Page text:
Open about uncertainty
In 2021, the Norwegian Corona Commission praised the Norwegian authorities for being open about uncertainties and differences of opinion.
“In the specialist literature, there are differences of opinion about such communication. It may be risky, but it doesn't necessarily have negative effects on people's confidence in those informing the public. Instead it may have the complete opposite effect, namely that it boosts confidence. At least we see that in the case of Norway,” Ihlen says.
In Sweden and Denmark as well, spokespersons were open about uncertainty and differences of opinion. But while this primarily came to light through interviews, Norwegian spokespersons frequently appeared on discussion panels. They were ‘extremely available’ to the media, according to Ihlen.
Trust makes countries better equipped
In all three Scandinavian countries, the authorities enjoyed a high level of trust from the people when the pandemic started. According to Ihlen, this made these countries better equipped to deal with a pandemic than many others.
However, he notes that there are at least two other factors that determine trust in the authorities during a pandemic: how they communicate, and the experience that the pandemic is being satisfactorily handled.
In Norway, according to the Norwegian Directorate of Health, about 80 per cent of the people say they are highly confident or very highly confident that the health authorities have handled the pandemic in a satisfactory manner. This percentage has remained relatively stable during the pandemic, with the exception of a dip of around 20 per cent in February 2020, before the introduction of strict measures.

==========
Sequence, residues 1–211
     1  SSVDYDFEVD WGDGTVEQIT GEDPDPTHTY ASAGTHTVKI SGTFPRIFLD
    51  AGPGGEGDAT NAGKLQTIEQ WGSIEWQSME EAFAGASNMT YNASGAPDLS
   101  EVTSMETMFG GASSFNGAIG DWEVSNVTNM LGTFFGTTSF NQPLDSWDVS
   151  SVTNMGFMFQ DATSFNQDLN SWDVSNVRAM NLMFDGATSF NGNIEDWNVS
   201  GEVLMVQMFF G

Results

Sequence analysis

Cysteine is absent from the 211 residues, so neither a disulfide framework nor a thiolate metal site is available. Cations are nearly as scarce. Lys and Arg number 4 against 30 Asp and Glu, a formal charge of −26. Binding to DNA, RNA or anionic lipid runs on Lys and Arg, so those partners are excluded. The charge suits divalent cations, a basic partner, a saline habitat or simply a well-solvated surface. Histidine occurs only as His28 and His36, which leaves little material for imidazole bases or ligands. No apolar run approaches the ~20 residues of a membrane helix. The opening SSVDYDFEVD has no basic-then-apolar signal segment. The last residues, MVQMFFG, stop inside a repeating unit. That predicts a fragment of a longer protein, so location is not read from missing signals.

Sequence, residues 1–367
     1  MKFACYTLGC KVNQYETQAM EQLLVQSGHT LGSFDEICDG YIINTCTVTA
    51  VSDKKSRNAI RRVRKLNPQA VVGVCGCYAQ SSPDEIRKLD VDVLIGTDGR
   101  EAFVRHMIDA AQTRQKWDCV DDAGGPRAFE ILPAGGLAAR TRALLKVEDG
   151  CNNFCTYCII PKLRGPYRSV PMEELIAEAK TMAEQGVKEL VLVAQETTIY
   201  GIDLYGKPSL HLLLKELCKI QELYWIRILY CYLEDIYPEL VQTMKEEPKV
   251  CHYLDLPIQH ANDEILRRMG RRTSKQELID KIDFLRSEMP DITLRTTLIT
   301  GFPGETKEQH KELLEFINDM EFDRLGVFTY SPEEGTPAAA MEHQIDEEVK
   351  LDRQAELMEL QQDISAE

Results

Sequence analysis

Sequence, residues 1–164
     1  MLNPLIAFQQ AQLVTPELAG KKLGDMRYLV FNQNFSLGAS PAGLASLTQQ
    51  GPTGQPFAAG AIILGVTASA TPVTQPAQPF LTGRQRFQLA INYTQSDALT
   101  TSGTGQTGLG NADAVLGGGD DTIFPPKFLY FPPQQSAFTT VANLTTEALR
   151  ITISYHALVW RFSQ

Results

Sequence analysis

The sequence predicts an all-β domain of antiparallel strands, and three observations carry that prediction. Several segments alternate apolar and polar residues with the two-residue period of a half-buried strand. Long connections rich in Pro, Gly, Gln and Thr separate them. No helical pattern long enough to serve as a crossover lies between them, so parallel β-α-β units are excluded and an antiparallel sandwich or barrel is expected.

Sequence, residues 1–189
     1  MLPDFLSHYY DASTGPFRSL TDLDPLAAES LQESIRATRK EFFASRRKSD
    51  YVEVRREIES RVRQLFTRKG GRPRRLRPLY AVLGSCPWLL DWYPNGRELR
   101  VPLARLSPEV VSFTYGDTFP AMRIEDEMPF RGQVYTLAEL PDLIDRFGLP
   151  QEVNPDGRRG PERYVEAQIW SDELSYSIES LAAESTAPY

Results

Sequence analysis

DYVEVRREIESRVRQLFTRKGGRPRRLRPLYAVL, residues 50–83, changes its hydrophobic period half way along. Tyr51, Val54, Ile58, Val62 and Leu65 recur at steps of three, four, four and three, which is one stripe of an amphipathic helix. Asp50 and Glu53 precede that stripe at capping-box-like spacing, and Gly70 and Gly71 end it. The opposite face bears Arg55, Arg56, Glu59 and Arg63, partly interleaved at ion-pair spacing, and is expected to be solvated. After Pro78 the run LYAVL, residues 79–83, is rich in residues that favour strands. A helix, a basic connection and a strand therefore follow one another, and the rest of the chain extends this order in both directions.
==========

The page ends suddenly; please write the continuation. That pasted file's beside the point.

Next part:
In Denmark, too, confidence has been high, but more marked by political scandals and fluctuations. In Sweden, confidence has fallen quite sharply since March 2020 but still remains high when compared with countries such as the UK, France and Switzerland.
May have saved lives
All the Scandinavian countries have emphasised openness in their pandemic communication, especially in terms of releasing numbers and information, according to Ihlen. Nevertheless, interviews with Swedish communication spokespersons suggest that the attititude toward the openness strategy varies more among Swedish institutions.
It seems that Sweden has been less open in pandemic communication than Denmark, which in turn has had less open communication than Norway.
Can one conclude that the Norwegian authorities have handled the pandemic better than the government officials in neighbouring countries?
“The numbers speak for themselves. There have been fewer deaths per million inhabitants in Norway than in neighbouring countries. This makes us think that Norway has done a good job,” Ihlen says.
He stresses that the numbers are not related exclusively to the authorities’ communications efforts. For example, Norway is sparsely populated, and this may have slowed the spread of infection.
“But people have been cooperative about accepting the advice and recommendations of the authorities, too. Trust plays a significant role in that respect, as well. So it is possible that communication may have saved lives,” he concludes.
Truls Strand Offerdal et.al.: Public Ethos in the Pandemic Rhetorical Situation: Strategies for Building Trust in Authorities' Risk Communication. Journal of International Crisis and Risk Communication Research, 2021.
Jens Elmelund Kjeldsen et.al.: Expert ethos and the strength of networks: negotiations of credibility in mediated debate on COVID-19. Health Promotion International, 2021.
This article/press release is paid for and presented by the University of Oslo
This content is created by the University of Oslo's communication staff, who use this platform to communicate science and share results from research with the public. The University of Oslo is one of 77 owners of ScienceNorway.no. Read more.
See more content from the University of Oslo:
How public awareness campaigns can affect our thoughts
Beef exports from Botswana to Norway affect nature in both countries
Even older adults get STIs
Students achieved good exam results during the pandemic
Should all rapes be reported?
Admired by Hemingway: The war in Ukraine has given Isaac Babel’s stories new relevance